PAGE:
After 13 years teaching people how to get fit, it seems that I could be in school full time year after year and still be challenged with "how" to get someone fit. There are many different facets to health that create health that provide for the foundation to truly feel and live healthy.
In all of our lives, when one of the facets of health falls out of balance, our health in all facets starts to deteriorate. As a coach, my job is to assess which facet of your health is the most out of sync, and which is the most reasonable to focus energy on first.
Here are the facets that I think make up a healthy person:
Of course each of these areas could include things like relationships, work/life balance, spiritual devotion, hobbies, family stresses, etc.
If any of these areas becomes a focus for a period of at least 2 weeks a shift to improved health is possible. If the focus lasts at least 1 month, the benefits are much longer lasting, and likely to effect the other areas in your life.
Lets look at Sleep as an example. If you focused on getting more sleep, it's likely your energy would improve giving you more energy to workout, your late night eating would diminish resulting in better nutrition, your morning fatigue would be alleviated and the morning rush would be eased, lowering your overall stress.
Any of these facets provide a similar flowing over effect that transfers the efforts of one into all the others. The hang up happens when one area is focused on as being the magic bullet. "if I just work out, I'll lose the weight". The truth is, without being open to the possibility to changing the others, the results of health will be limited and short lived.
People who live healthy lives with little effort have created habits that feed these facets. When one gets off track, like work stress heats up, they take care to get more sleep, watch what they eat, or burn that stress off in a workout. That's what keeps them healthy over the long haul.
No one is perfect, and no one eats right, sleeps well, manages stress effectively all the time. No one gets there workouts in as much as they hope, or have time to reflect and grow as often as they'd like. But those that are healthy know that when one area is lacking, others can help pull through.
When you are ready to take your health to the next level, changing your lifestyle is about considering all the facets of health, beginning with one area, and allowing the others to naturally improve as the months go on. At some point in the process, you will need to look at each of these areas and make small changes to reap the rewards.
Each area provides for an opportunity to learn more about yourself, and find what health really means to you in that area. Lets take nutrition as an example. Some may find that becoming a vegetarian or vegan is what health really looks like for them, others may find that living a life free of processed food means good nutrition, what ever the fit is for your genes and your attitude, there will be some focus required to sustain this healthy practice. No one way is perfect for everyone because everyone is different.
Where do I start?
Having a look at the list, you can approach change by considering which areas seem to be the easiest to change. Sometimes that appears to be the area in which you feel you have the most control (even though you have control over all of them) or the area that you feel most motivated to change first.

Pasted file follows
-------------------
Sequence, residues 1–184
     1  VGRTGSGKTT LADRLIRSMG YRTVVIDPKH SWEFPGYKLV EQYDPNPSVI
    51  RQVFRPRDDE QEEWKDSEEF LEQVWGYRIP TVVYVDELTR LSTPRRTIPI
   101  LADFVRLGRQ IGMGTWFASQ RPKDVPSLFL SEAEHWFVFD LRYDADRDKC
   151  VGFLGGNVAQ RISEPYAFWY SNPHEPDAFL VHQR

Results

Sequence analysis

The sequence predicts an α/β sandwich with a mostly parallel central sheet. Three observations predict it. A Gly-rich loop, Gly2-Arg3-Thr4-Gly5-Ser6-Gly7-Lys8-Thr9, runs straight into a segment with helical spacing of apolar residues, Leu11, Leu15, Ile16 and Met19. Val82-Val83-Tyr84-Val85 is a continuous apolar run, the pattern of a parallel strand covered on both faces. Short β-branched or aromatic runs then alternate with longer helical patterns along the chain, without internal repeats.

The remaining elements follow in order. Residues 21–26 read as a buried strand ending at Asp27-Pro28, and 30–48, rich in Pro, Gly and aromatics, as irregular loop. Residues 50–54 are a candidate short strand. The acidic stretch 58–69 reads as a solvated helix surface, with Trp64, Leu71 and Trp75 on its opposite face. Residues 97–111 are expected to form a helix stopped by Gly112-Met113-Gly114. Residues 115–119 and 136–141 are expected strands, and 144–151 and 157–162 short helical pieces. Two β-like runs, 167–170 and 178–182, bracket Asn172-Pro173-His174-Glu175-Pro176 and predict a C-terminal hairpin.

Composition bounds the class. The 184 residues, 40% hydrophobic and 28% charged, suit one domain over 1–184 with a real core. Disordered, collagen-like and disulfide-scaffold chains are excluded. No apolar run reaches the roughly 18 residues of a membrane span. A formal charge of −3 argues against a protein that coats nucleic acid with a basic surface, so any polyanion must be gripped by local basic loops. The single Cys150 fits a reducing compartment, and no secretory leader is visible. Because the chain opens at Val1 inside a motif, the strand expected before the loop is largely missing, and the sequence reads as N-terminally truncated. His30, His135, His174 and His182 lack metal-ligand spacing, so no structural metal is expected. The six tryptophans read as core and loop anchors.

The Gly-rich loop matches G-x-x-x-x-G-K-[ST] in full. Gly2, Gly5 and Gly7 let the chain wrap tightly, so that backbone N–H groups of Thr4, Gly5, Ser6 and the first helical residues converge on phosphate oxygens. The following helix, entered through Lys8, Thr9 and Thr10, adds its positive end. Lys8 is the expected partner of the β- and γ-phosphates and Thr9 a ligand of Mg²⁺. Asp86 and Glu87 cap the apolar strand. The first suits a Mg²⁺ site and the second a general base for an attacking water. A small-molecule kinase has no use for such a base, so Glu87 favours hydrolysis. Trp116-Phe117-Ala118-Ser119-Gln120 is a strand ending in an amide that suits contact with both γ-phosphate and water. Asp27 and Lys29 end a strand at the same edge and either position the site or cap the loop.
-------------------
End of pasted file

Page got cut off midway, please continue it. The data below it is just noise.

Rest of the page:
Once you've chosen your facet to focus on, next set out some goals for this area, and get to work making small but effective changes for a month. Consider that with your new energy, or uplifted spirit you put it towards another avenue, building on the momentum. Continue to set goals each month, trying new things (not every plan will be a success), and continue focusing on the idea that small changes in one area, can help to propel you in other areas too.
Self sabotage comes in when you begin to justify a bad choices, often conflicting with one of the facets of health.
I worked out today, so I can have this chocolate sundae
I had a hard day at work so I deserve to stay up late
I don't have time to set goals
Another issue I see, is trying to take on all facets together. I often see someone who is trying to quit smoking, lose weight, eat better, and exercise - and they want to do that all in the same week. It's possible for all to change, but focusing on one and allowing the changes to flow into the other avenues is the most effective and longest lasting.
If your looking at changing your lifestyle, consider the areas you'd like to change. 1. Make a list of all the things you'd like to do to take better care of yourself.
2. Prioritize them into the most important to least important
3. Combine them into 3 distinct goals.
4. Choose one goal to start with, breaking it down into steps.
5. Begin. Commit to 1 month, with the intent to adjust course as needed.
6. Get support if your struggling, or choose another goal to begin. (maybe you bit off more than you could chew at first)
7. After one month, revisit your goals, and add a new goal to the list.
A 90 Day plan could mean 3 facets of your health can be improved significantly.
For more information on goal setting check out one of my other articles for an outline.